Grants and Contracts per year
Grants and Contracts Details
The recent rediscovery of human brown adipose tissue through PET-CT has initiated more research on thermogenesis and provocative questions about adipose browning as a defense against obesity. Although functional brown adipose tissue (BAT) can be demonstrated in humans, a question remains regarding the functional relevance of the relatively small BAT depots that are deep within the human body cavity. On the other hand, many studies have demonstrated that white adipose tissue (WAT) in mice has the ability to upregulate its thermogenic capacity and become “beige”. No studies have demonstrated browning of typical human WAT depots, except for our recent studies. We have recently examined the subcutaneous (SC) WAT of humans and found a considerable ability to upregulate UCP1 and other mitochondrial genes in response to cold and to seasons, and we have demonstrated this phenomenon with human adipocytes in culture. The seasonal changes in WAT are of particular interest, since this indicates a physiologic response to colder weather even in a modern society, without provocative and unphysiologic experimental conditions. In addition, we found that obese humans with a high SC WAT macrophage burden do not upregulate SC WAT UCP1 as well, suggesting that adipose inflammation inhibits the increased thermogenic capacity of WAT. A number of immune-mediate functions are involved in this process. Based on these data, we propose the following hypotheses. Hypothesis 1. Cold temperatures will induce changes in human subcutaneous white adipose tissue (WAT) consistent with beiging and immune mediators are involved. Hypothesis 2. This WAT browning effect can be demonstrated acutely, in response to seasons, and can be inhibited by â-blockers. Hypothesis 3. Obese insulin resistant subjects are resistant to cold induced changes due to the inflammatory milieu of WAT. Hypothesis 4. Cold- and season-induced changes in WAT will lead to functional changes, characterized by increased mitochondrial uncoupling and increased resting metabolic rate.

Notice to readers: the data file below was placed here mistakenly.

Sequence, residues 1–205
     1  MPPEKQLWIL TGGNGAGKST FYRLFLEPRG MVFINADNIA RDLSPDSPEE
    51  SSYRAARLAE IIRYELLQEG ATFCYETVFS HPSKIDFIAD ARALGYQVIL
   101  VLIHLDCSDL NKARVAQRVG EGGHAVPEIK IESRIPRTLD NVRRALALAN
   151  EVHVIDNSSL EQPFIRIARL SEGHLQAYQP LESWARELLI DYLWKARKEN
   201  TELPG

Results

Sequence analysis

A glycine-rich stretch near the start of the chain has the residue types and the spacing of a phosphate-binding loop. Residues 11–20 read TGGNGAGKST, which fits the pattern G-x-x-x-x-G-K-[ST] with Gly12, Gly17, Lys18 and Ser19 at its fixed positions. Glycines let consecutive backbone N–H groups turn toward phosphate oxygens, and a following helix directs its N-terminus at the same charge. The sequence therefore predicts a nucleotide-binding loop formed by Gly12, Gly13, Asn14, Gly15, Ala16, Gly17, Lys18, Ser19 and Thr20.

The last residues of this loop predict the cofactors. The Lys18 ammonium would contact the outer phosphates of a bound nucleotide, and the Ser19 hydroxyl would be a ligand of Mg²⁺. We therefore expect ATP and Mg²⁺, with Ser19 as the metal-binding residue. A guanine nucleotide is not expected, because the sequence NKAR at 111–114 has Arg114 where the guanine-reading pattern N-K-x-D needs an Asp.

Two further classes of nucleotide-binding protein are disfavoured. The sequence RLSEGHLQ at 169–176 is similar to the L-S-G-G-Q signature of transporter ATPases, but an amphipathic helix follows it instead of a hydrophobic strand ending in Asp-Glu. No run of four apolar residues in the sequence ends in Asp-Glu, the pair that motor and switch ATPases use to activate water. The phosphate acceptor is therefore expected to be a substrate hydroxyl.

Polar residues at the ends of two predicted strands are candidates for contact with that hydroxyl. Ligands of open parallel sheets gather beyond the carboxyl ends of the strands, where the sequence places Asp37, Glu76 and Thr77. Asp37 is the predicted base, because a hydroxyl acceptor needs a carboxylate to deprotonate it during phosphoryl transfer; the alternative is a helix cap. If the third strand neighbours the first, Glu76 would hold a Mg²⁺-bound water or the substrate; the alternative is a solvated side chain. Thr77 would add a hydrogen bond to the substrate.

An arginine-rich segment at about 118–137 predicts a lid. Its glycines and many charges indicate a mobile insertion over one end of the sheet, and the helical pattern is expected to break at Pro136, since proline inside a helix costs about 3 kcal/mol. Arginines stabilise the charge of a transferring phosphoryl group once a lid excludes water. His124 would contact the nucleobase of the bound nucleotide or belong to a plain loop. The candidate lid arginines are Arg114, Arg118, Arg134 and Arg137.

|Effective start/end date
|9/21/15 → 6/30/19
- National Institute Diabetes & Digestive & Kidney
Explore the research topics touched on by this project. These labels are generated based on the underlying awards/grants. Together they form a unique fingerprint.